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Subgenre #2

Comicscore Index
Mixed or average ratings

Based on 2 critic ratings.

From the New York Times bestselling creators of BANG! comes a mind-bending, multi-dimensional murder mystery presented in a pulp magazine-sized format!

A man is living two lives. He is a private detective in a dystopian cyberpunk future trying to solve a triple murder.

But when he falls asleep – he wakes up as a wandering adventurer in a barbaric fantasy world where magic exists.

Is he two separate people? Or is he a third person that has undergone a psychotic split?

He jumps back and forth from sword-wielding barbarian to jaded private eye trying to solve the brutal crime.

But the bigger question is, can he merge these realities without losing himself?

Subgenre is the latest release from Flux House Books, a new boutique imprint that will feature the writing (and sometimes) art of acclaimed comics creator Matt Kindt, with crime, science fiction, horror, and humor stories, all told and presented in startling and untraditional ways.

Publication Date
Kindle Edition
Print Length
35 pages
Amazon ASIN

2 Critic Ratings & Reviews from:
  • 75


    I don’t want to spoil it that much, but there’s a moment in this issue where the warrior is told that if he wants something, all he has to do is ask. And that got me thinking about just what this book may be doing in dissecting storytelling (being open and above board with it), and the warmth and deliberateness it might employ to reach those objectives. Perhaps that’s what we owe it in return: the civility and intent to keep going as it unfolds in front of us. And for now, I’m willing to do that and just a little more.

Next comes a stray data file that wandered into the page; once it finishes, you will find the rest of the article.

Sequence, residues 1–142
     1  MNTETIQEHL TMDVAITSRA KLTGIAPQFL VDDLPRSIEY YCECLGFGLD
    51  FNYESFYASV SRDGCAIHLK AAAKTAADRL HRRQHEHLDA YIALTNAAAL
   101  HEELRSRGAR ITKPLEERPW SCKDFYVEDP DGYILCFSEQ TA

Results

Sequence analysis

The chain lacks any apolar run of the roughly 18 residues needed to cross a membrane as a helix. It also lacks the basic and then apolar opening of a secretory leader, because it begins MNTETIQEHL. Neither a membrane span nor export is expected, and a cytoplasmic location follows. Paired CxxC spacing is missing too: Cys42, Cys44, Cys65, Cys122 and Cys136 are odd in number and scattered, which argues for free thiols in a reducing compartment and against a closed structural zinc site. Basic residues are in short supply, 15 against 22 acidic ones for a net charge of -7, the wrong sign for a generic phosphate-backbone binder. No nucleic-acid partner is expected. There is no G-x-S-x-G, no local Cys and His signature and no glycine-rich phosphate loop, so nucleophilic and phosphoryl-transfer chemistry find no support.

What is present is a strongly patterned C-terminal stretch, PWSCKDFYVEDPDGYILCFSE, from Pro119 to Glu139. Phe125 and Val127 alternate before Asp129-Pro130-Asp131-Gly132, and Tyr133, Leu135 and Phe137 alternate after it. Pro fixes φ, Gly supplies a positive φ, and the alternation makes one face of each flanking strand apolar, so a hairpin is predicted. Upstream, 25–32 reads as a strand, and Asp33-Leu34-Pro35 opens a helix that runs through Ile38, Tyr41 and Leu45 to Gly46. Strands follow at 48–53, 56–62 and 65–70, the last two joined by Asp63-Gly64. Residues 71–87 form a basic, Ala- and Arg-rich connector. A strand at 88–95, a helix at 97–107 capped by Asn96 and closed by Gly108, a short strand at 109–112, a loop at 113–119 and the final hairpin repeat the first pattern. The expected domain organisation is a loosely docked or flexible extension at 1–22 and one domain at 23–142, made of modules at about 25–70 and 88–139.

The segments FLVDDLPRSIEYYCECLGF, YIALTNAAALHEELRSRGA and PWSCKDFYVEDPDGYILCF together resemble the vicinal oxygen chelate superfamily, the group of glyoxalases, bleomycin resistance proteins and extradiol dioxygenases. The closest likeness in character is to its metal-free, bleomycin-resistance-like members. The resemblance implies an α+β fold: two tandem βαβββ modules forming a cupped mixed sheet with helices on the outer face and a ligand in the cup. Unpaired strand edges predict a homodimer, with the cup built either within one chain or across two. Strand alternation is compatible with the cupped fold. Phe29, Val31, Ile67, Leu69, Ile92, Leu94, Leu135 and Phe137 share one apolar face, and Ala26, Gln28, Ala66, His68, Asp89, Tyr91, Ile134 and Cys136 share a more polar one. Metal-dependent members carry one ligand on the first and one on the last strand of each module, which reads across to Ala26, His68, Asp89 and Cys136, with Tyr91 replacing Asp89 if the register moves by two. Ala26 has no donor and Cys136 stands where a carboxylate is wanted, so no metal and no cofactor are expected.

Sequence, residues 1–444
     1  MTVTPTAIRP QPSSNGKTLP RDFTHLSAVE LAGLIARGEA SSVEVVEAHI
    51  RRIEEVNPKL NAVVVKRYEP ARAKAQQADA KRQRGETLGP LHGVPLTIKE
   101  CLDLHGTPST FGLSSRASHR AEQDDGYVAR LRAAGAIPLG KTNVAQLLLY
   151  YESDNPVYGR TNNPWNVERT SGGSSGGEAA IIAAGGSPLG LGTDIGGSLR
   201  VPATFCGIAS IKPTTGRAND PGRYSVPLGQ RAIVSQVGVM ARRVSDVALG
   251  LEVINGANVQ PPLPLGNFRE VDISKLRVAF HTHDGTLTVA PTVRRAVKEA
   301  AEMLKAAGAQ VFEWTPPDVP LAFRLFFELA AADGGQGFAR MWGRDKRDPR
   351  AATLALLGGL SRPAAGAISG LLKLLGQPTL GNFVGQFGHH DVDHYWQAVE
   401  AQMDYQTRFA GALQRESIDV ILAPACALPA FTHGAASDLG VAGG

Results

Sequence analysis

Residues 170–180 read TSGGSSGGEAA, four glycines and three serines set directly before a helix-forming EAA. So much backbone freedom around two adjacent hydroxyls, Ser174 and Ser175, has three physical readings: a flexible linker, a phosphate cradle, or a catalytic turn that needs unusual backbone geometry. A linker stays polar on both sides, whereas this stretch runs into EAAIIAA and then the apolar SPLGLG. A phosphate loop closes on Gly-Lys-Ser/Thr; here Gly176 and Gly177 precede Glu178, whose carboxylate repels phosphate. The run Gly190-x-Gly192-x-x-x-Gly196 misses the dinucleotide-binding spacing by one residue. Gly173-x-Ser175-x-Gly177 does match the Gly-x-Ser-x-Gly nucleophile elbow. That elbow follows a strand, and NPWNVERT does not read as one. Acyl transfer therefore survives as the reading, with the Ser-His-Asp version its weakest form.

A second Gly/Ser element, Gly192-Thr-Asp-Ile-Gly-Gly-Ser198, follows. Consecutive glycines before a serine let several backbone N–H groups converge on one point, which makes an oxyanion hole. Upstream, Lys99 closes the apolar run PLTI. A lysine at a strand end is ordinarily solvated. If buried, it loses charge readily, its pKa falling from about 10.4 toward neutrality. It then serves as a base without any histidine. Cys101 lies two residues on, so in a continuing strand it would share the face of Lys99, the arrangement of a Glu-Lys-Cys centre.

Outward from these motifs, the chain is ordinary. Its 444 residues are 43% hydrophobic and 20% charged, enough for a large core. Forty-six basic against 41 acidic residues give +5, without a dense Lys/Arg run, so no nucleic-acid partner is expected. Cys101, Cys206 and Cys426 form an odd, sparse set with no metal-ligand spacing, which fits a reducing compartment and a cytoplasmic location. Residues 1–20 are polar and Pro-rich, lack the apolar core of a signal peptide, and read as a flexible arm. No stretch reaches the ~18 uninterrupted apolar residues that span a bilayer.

• 60

    Subgenre spends its second issue almost entirely in the Conan The Barbarian-esque fantasy world our protagonist fell into at the end of the series opener. What follows is neither parody nor satire, but rather a fairly faithful recreation of mythical fantasy. The comic book finally jumps back to the original story in its final pages, indicating that while it wants to deal in some heavy topics, it also wants to have fun diving into different subgenres (hence the title). Whether or not it can balance those two goals remains to be seen.

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